There's these genetics that impact the protein in your hair and that impacts the hair shaft formation.

Tamara: Really,

Stephanie: Yeah. Give it a Google so you can see some of the pictures.

Tamara: so it's a rare genetic condition, but you, you think if you just look at a picture of one of those kids, then the first instinct is, Maybe the parents need to use some conditioner. But you're saying like the hair is different.

Stephanie: The hair is different, so it's not just about how you treat your hair. It's tied potentially to other autoimmune issues.

Tamara: mm-hmm.

Stephanie: I've never heard of it and I wanted to talk to you about it and I, it's always interesting when you can tie a human genetic trait back to animals, and in this case, the wooly mammoth.

Tamara: Wow.

Stephanie: Mammoth, some of their evolution, they had fluffier hair, which would've helped provide insulation in the cold, but it was fluffy, but I guess it was uncombable.

Tamara: Those mammoths, they were like having a hard time at the stylist. I just can't deal with this hair.

Interesting. Well,

Stephanie: then this article ends with the data set could see be seen as an element in the roadmap towards resurrection.

Could you imagine if wooly mammoth roam the earth again?

Tamara: So sorry. They're gonna resurrect them. How are what?

Stephanie: that's what this article's implying. It's a very short article. I didn't go much deeper than this cuz it was more the hair syndrome I wanted to talk to you about.

Tamara: Right.

Stephanie: it does say researchers are not trying to resurrect the mammoth, but this work could assist should someone else try to resurrect the mammoth.

Tamara: Wow. Well there's, I, my mind is a little bit blown by all of that cuz it's like we're just gonna create some genetically, I don't know, cre re like what? That sounds like Jurassic Park to me. I. We're gonna make some dinosaurs

Stephanie: Yeah,

Tamara: But um, there's certainly a lot of rare health conditions and genetic conditions out there that we haven't heard of because they're so uncommon.

Stephanie: that's right. 

Tamara: But what is common is unwanted hair.

Stephanie: Oh,

Tamara: Do you like my segue?

Stephanie: that was such a great segue. I kind of wanna do like

Tamara: You can boom me. That's fine.

Stephanie: Good tie. Good

Tamara: So, you know, we were lucky to receive some press samples from Parissa,

Stephanie: Yeah. Parissa Wax.

Tamara: and at first Stephanie, you were like, um, are you interested in this, Tamara? Because we talked, talk about hair and somehow got on the radar of these PR people. She's like, are you interested in talking about your bikini line, that other curly hair? it's like, yeah, sure, why not? It's all hair. We talk about hair and you were saying earlier actually, that you've been doing some laser hair removal.

Stephanie: Yeah, I have. but it's, it's not a hundred percent perfect and sometimes I need to shave or wax some off. So this was timely. My mother was a little bit mortified that we were going to be talking about this on the show, but I'm not. It's human. We all have hair.

Tamara: a generational thing too, right? Like

Stephanie: We all have hair.

We all have hair down there. There's nothing to be sh shy about. So Parissa sent us bikini and underarm wax strips. And what was your experience with them?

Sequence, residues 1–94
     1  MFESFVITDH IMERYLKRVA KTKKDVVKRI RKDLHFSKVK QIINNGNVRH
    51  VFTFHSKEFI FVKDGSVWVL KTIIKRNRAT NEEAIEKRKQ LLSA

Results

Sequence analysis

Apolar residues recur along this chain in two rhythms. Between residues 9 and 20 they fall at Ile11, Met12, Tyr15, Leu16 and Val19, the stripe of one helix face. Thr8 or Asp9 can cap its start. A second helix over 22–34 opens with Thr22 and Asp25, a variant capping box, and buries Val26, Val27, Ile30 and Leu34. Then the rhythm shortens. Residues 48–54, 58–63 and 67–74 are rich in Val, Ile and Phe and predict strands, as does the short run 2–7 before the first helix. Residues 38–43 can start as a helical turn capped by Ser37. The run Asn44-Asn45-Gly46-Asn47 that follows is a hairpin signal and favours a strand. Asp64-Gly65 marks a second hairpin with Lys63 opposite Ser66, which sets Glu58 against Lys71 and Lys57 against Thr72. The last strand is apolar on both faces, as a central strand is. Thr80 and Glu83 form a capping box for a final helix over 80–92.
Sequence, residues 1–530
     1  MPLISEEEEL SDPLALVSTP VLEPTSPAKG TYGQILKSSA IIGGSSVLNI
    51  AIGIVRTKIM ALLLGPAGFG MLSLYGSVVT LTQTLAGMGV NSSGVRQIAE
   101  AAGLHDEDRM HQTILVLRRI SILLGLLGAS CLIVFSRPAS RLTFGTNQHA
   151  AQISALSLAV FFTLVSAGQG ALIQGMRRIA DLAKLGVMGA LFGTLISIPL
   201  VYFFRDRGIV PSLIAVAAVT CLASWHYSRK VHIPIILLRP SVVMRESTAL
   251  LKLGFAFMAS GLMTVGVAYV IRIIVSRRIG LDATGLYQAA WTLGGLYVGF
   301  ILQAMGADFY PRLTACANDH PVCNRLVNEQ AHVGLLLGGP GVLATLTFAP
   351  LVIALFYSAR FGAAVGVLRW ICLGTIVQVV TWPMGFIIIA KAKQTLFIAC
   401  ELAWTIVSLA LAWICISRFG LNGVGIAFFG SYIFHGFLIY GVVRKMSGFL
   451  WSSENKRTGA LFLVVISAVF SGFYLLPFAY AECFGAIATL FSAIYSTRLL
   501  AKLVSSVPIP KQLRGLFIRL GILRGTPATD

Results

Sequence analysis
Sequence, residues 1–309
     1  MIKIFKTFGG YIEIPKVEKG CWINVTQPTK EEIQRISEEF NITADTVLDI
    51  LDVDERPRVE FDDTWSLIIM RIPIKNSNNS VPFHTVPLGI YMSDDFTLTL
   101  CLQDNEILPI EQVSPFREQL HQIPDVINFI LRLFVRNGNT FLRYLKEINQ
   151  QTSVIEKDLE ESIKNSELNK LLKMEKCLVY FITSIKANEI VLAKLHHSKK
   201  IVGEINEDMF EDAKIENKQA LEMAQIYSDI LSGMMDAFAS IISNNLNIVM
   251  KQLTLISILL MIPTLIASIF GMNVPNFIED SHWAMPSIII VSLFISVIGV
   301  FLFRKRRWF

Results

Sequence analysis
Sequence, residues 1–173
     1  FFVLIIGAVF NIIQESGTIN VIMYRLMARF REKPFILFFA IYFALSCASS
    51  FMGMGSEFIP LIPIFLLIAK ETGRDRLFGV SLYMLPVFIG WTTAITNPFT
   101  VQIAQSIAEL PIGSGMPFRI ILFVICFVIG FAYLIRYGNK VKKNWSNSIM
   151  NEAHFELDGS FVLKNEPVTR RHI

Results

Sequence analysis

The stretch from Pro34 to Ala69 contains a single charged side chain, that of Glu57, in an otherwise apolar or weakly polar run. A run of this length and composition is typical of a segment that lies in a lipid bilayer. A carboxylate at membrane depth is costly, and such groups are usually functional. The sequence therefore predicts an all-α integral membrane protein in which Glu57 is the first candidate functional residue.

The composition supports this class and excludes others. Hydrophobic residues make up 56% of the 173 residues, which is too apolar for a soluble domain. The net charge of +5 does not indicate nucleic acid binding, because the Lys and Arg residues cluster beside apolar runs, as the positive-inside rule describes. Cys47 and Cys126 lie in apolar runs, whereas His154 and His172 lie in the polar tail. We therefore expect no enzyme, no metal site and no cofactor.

Tamara: I am a big fan because I haven't done waxing at home in about, 25 or 30 years. I remember as a teenager, my mother bought these little wax pots from The Body Shop, I think, and it was very messy and painful. Then when I got into my twenties and it was like all the rage, it was the time of probably Paris Hilton and low-rise jeans and Brazilian waxes and all these new like wax places popped up in the city of Toronto.

Stephanie: Yeah.

Tamara: was the thing to like wax everything off and it was very popular. So I did, I did that for many, many years. I went to get, Waxed by a professional. And then of course I dabbled in some laser hair removal as well with in various parts of my body. Basically, I tried to laser my whole body, and some of it's worked better than others, but you know, as you said, it's not perfect.

And so it was kind of cool to try these wax strips and just see like, you know what, they're really easy to use and quick and not messy. So if you had. I feel like with the small wax strips, if you just had like spot area, like if you just need to touch up your bikini line, that's a great solution cuz It's fast. It's not super messy. You can just use what? Use a few. Use what you need, you know. And then get on with your day. I mean, I, my skin didn't react badly to it. It was very easy to use. You kind of just warm them up in your hands by rubbing your hands together and then peel apart these little strips and they're ready to go.

So I thought it was pretty great. I it, I guess if you had a lot of hair to remove, it could be a bit tedious.

Stephanie: Yeah, they have several different types, so I think if you're gonna do your entire leg, you get the bigger leg strips. In this case, they just sent us the bikini and underarms, so they're much smaller strips.

Tamara: I did not try my underarms. I would like to and I will get to that cuz I think that would be interesting. I've never actually had my underarms waxed before and I feel like it might be a little bit harder to get the right angle. But Did you try, did you try your underarms?

Stephanie: Yeah, and I had done laser on my underarms, but there's still a few hairs that pop up, so these were great to just like pull those out. And I really like the product too. I've tried different wax strips over the years and I have to say this one honestly is my favorite. I found it a lot gentler on my skin

Tamara: Right.

Stephanie: past experiences it's left a bit of a, like a rug burn rash, like when I rip off the strip.

But the Parissa strips didn't do that, so I don't know how they formulate their wax, but it did definitely was more agreeable to my skin. It felt like a softer experience.

Tamara: And did you try the oil too?

Stephanie: Yeah. And the oil, oh yeah. The oil's a mandatory for me just to get those little leftover wax bits off.